Eventually, after about 3 hours, they were able to get us back into our room, and we were able to laugh about it, but it certainly could have put a bit of a damper on things.

Day 8 – July 1

Our last full day of vacation was here. The only specific thing on our agenda today was to go to Forbidden Planet, a geeky comic book/memorabilia shop I always visit when I’m in the UK. Thankfully, it was right by West Quay so we could park in the same place we’d been parking every night and just walk to where we needed to go.

In the end, I didn’t find anything for me, but it was nice to just browse. Rasa and Monki, though, found a pretty cool Marvel cookbook with recipes for donuts which I’m hoping will be made sometime this summer!

As we were walking towards Forbidden Planet, we passed a place called Primark. Sean had told me about this place, citing it as an inexpensive clothing shop, so we decided to pop in. We walked out with a couple of shirts and a cool Minnie Mouse hat for Monki. And it really was cheap!

With those errands out of the way, we had to decide what to do. Nearby, was a place Sean had told me about and had been kind of on our radar since first planning this trip, a national park called New Forest. The reason Sean had mentioned it was in the village of Lyndhurst was the final resting place of the inspiration for Lewis Carroll’s Alice in Wonderland, Alice Hargreaves (née Liddell). As we all know, I’m a huge Alice fan (and sorry to have missed out on more of its history when we were in Oxford, but next time for sure) so this sounded like something interesting to see.

Lyndhurst is also known for free-range horses and a couple of other things, so we decided to check it out. The first thing we saw upon entering the quaint tourist village was a high-end Ferrari dealership. Rasa immediately wanted to go and check that out. We (eventually) found the visitor center and parking and then found the dealership. You have to wonder about a small village car shop where the least expensive vehicle is well into six figures.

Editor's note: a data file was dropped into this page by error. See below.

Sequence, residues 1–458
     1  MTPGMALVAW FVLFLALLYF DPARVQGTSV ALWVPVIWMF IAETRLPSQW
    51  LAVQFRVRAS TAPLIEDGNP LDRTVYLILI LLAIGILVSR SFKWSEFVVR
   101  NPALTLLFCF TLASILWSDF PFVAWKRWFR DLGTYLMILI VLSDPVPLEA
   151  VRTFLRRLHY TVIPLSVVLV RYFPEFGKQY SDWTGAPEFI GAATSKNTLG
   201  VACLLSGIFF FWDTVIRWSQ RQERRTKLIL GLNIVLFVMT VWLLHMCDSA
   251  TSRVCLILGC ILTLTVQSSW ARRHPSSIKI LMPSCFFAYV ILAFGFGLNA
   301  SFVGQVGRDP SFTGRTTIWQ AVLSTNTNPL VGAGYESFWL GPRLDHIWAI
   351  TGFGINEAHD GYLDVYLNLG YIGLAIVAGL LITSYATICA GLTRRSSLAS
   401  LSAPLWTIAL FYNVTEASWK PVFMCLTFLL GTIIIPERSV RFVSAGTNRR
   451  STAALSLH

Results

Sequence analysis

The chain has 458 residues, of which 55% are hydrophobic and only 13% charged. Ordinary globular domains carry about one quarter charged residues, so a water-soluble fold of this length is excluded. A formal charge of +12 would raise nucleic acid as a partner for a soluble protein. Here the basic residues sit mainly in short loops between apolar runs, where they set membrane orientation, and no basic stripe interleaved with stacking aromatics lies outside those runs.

After ogling cars for a little bit, we continued on our way to see the horses, currently occupying Bolton’s Bench, across from the Alice Hargreaves designed War Memorial. Then we headed back into town, looking for a place to eat. Rasa had suggested we maybe find a place for afternoon tea (When in England…) and not only was this our last day but if we were going to find a cute little place to make this happen, Lyndhurst was it.

We stumbled across a café called The Greenwood Tree Cafe which looked promising. The first thing Rasa noticed on the menu was “American-style” pancakes. Noting our slight disappointment the day before, I asked what that meant. Our server explained it was the big, fluffy pancakes we were looking for, so Rasa and I both ordered that. Monki, meanwhile, was ordering off the kids’ menu (naturally).  On that menu was something called a “Rainbow Scone.” We kinda figured we had to order it.

What came was not what we were expecting. It was a scone, sure, but it was completely rainbow, with multi-colored concentric circles throughout! Really impressive feat of baking. And it tasted good, too.

Leaving the café, it was just a short walk up the street to see Alice’s grave. It was relatively easy to find, in the cemetery of a working church, and I dutifully took pictures and paid my respects. As we were walking back, Rasa was confused.